General Motors continues to deny that there is a problem with rusting brake lines on its vehicles, as noted here yesterday. GM’s new Vice President of Global Safety, Jeffrey Boyer, claims that brake line rust “is a maintenance issue that affects the entire automotive industry.” However, a search of the National Highway Traffic Safety Administration’s (NHTSA) website shows that GM vehicles have about ten times the complaints for brake lines than Ford, Toyota and Honda combined!
NHTSA has a tool to allow searches for complaints by keyword. While there is an ongoing NHTSA investigation on model year 1999 to 2003 GM trucks, the investigation has never been expanded to include newer models which also seem to be plagued by brake line corrosion which leads to brake failure. Here are the figures from a NHTSA complaint search using the keywords “brake line.”
Chevrolet models, model years 1999-2008: 1,372 complaints.
GMC models, model years 1999-2008: 485 complaints.
Ford models, model years 1999-2008: 153 complaints.
Chrysler and Dodge, model years 1999-2008: 114 complaints.
Toyota models, model years 1999-2008: 58 complaints.
Honda models, model years 1999-2008: 15 complaints.
Changing the keyword search to “brakeline” added 38 more complaints for Chevrolet and GMC, bringing us to the 1,895 number of total complaints. Cadillac and Buick models do not seem to have an unusually high number of complaints.
GM has also pointed to the fact that NHTSA’s investigation focuses on older models. This defense does not hold water, as model year 2004 to 2008 Chevrolet (primarily the Silverado) and GMC vehicles logged 420 complaints for brake lines compared to the next highest number for a manufacturer, Ford, which had only 45 complaints for the same model years.
Despite the clear evidence that GM vehicles suffer from brake failure from rusted brake lines at a much higher rate than other manufacturers, NHTSA has failed to force a recall and has not even expanded its investigation to include later model years. The facts are right there on NHTSA’s website, which hopefully will not crash and cause the evidence to be destroyed.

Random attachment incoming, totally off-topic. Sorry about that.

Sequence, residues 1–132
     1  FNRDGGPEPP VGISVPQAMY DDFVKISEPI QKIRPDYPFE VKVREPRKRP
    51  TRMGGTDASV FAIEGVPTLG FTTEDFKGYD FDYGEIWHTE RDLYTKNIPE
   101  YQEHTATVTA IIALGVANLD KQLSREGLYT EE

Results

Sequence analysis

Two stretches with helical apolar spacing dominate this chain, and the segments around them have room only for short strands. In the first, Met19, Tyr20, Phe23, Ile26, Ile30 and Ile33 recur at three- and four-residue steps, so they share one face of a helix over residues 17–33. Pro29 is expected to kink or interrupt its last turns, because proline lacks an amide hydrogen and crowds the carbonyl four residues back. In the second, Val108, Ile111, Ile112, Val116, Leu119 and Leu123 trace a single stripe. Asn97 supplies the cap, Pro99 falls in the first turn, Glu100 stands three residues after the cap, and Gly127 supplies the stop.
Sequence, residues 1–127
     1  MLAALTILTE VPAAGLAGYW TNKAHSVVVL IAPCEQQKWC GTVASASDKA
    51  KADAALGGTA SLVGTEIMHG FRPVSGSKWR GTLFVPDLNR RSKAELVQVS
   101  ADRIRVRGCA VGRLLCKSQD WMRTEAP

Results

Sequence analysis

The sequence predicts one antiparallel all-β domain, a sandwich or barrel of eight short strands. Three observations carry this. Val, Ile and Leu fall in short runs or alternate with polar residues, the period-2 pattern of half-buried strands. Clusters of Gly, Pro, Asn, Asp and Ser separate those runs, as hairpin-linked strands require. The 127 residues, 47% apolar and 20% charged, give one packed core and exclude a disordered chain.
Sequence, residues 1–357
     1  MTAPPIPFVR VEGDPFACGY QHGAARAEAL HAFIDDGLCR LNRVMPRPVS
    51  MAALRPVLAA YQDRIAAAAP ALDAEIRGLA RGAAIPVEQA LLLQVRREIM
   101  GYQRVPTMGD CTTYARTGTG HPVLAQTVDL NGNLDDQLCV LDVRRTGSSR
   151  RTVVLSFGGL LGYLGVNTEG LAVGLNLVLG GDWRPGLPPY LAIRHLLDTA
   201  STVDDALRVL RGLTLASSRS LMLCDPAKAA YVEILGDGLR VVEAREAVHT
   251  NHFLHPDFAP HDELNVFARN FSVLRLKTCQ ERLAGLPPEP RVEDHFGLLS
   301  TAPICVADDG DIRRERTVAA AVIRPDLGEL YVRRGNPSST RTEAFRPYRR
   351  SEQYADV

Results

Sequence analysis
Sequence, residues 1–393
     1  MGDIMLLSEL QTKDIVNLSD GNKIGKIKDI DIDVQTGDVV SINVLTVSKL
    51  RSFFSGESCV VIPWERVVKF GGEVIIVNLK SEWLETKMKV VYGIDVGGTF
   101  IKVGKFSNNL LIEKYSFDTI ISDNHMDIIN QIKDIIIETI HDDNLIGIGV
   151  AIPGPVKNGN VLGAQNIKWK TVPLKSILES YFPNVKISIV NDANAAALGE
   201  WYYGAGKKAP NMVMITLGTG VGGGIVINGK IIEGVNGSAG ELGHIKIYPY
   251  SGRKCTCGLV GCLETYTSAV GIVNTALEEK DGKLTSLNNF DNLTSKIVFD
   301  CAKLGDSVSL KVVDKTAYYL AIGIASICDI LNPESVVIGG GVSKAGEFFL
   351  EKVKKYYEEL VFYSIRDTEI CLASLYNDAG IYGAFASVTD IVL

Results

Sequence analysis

GM has made a show of late with numerous recalls, claiming that “New” GM is focused on safety. It appears that GM is most focused on recalling vehicles which do not have high costs of repairs. In fact, GM’s latest recall of millions of vehicles for ignition problems involves a fix which was tried on the infamous Chevy Cobalt ignition problem before the vehicles were eventually recalled to replace the ignitions. An inexpensive key insert will be inserted into the keys of the recalled vehicles, costing GM very little. Problem solved!
Recalling vehicles prone to brake line corrosion will cost GM much more than inserting plastic inserts into keys. It appears that fact has lead to a continued denial of a problem by GM, most recently by new safety guy, Jeffrey Boyer. The evidence is clear that GM has a safety issue with corroding brake lines. No other manufacturer has had the type and amount of complaints that GM has had, perhaps with the exception of Subaru which did the right thing by recalling its vehicles. GM should step up and have the same safety and quality standards of Subaru by recalling all vehicles that have been proven to be prone to brake line corrosion problems.
Mark Modica is an NLPC Associate Fellow.